CHOW Pizza Ka Yee
- Comparative Cognition Research Group, Max Planck Institute for Ornithology, Seewiesen, Germany
- Behaviour & Ethology, Competition, Zoology
Implementing a rapid geographic range expansion - the role of behavior and habitat changes
The role of behavior and habitat availability on species geographic expansion
Understanding the relative importance of species-specific traits and environmental factors in modulating species distributions is an intriguing question in ecology . Both behavioral flexibility (i.e., the ability to change the behavior in changing circumstances) and habitat availability are known to influence the ability of a species to expand its geographic range [2,3]. However, the role of each factor is context and species dependent and more information is needed to understand how these two factors interact.
In this pre-registration, Logan et al.  explain how they will use Great-tailed grackles (Quiscalus mexicanus), a species with a flexible behavior and a rapid geographic range expansion, to evaluate the relative role of habitat and behavior as drivers of the species’ expansion . The authors present very clear hypotheses, predicted results and also include alternative predictions. The rationales for all the hypotheses are clearly stated, and the methodology (data and analyses plans) are described with detail. The large amount of information already collected by the authors for the studied species during previous projects warrants the success of this study. It is also remarkable that the authors will make all their data available in a public repository, and that the pre-registration in already stored in GitHub, supporting open access and reproducible science.
I agree with the three reviewers of this pre-registration about its value and I think its quality has largely improved during the review process. Thus, I am happy to recommend it and I am looking forward to seeing the results.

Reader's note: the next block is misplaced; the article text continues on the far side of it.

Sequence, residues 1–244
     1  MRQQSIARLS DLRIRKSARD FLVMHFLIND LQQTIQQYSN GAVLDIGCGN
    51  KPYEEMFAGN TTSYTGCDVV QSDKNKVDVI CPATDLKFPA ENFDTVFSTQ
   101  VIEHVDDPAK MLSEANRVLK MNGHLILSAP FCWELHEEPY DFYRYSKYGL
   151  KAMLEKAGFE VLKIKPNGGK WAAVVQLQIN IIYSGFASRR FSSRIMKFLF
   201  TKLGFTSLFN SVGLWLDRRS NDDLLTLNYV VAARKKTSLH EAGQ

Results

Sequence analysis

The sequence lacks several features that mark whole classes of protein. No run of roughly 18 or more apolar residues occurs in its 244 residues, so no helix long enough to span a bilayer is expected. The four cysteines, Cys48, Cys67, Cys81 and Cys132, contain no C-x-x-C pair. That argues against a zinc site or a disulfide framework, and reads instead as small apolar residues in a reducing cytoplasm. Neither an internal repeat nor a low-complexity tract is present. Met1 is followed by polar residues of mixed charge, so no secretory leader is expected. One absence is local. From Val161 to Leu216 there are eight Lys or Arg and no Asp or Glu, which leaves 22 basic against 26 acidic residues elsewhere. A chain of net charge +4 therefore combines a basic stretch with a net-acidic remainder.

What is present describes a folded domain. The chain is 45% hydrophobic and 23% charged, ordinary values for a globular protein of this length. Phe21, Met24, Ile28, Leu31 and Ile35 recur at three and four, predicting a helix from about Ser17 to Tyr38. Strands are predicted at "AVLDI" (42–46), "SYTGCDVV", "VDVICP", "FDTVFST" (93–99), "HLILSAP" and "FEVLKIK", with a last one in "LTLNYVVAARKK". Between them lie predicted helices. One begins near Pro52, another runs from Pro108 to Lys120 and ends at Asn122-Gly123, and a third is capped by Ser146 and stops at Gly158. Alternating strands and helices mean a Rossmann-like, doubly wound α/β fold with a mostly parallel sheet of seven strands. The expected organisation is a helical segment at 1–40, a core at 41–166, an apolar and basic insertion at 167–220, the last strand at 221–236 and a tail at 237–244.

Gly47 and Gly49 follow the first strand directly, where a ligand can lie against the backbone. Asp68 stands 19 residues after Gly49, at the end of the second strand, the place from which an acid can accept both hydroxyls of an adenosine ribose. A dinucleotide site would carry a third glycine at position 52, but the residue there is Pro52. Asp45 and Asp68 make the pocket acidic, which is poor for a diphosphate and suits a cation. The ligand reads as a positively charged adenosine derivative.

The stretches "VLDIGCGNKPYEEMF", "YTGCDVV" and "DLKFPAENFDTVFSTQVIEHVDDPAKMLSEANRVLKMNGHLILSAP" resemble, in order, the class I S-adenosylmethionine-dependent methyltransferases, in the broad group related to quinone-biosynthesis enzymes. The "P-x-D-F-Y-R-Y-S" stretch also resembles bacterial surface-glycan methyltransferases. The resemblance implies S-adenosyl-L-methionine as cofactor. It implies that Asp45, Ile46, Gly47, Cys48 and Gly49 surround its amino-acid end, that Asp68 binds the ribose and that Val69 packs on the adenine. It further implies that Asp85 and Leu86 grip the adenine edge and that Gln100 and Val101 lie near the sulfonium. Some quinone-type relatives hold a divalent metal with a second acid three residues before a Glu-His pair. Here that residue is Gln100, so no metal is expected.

Gaston KJ. 2003. The structure and dynamics of geographic ranges. Oxford series in Ecology and Evolution. Oxford University Press, New York.
 Sol D, Lefebvre L. 2000. Behavioural flexibility predicts invasion success in birds introduced to new zealand. Oikos. 90(3): 599–605. doi: https://doi.org/10.1034/j.1600-0706.2000.900317.x
 Hanski I, Gilpin M. 1991. Metapopulation dynamics: Brief history and conceptual domain. Biological journal of the Linnean Society. 42(1-2): 3–16. doi: https://doi.org/10.1111/j.1095-8312.1991.tb00548.x
 Logan CJ, McCune KB, Breen A, Chen N, Lukas D. 2020. Implementing a rapid geographic range expansion - the role of behavior and habitat changes (http://corinalogan.com/Preregistrations/gxpopbehaviorhabitat.html) In principle acceptance by PCI Ecology of the version on 6 Oct 2020 https://github.com/corinalogan/grackles/blob/master/Files/Preregistrations/gxpopbehaviorhabitat.Rmd.
Is behavioral flexibility related to foraging and social behavior in a rapidly expanding species?
Understanding geographic range expansions in human-dominated landscapes: does behavioral flexibility modulate flexibility in foraging and social behavior?
Which biological traits modulate species distribution has historically been and still is one of the core questions of the macroecology and biogeography agenda [1, 2]. As most of the Earth surface has been modified by human activities  understanding the strategies that allow species to inhabit human-dominated landscapes will be key to explain species geographic distribution in the Anthropocene. In this vein, Logan et al.  are working on a long-term and integrative project aimed to investigate how great-tailed grackles rapidly expanded their geographic range into North America . Particularly, they want to determine which is the role of behavioral flexibility, i.e. an individual’s ability to modify its behavior when circumstances change based on learning from previous experience , in rapid geographic range expansions. The authors are already working in a set of complementary questions described in pre-registrations that have already been recommended at PCI Ecology: (1) Do individuals with greater behavioral flexibility rely more on causal cognition ? (2) Which are the mechanisms that lead to behavioral flexibility ? (3) Does the manipulation of behavioral flexibility affect exploration, but not boldness, persistence, or motor diversity ? (4) Can context changes improve behavioral flexibility ?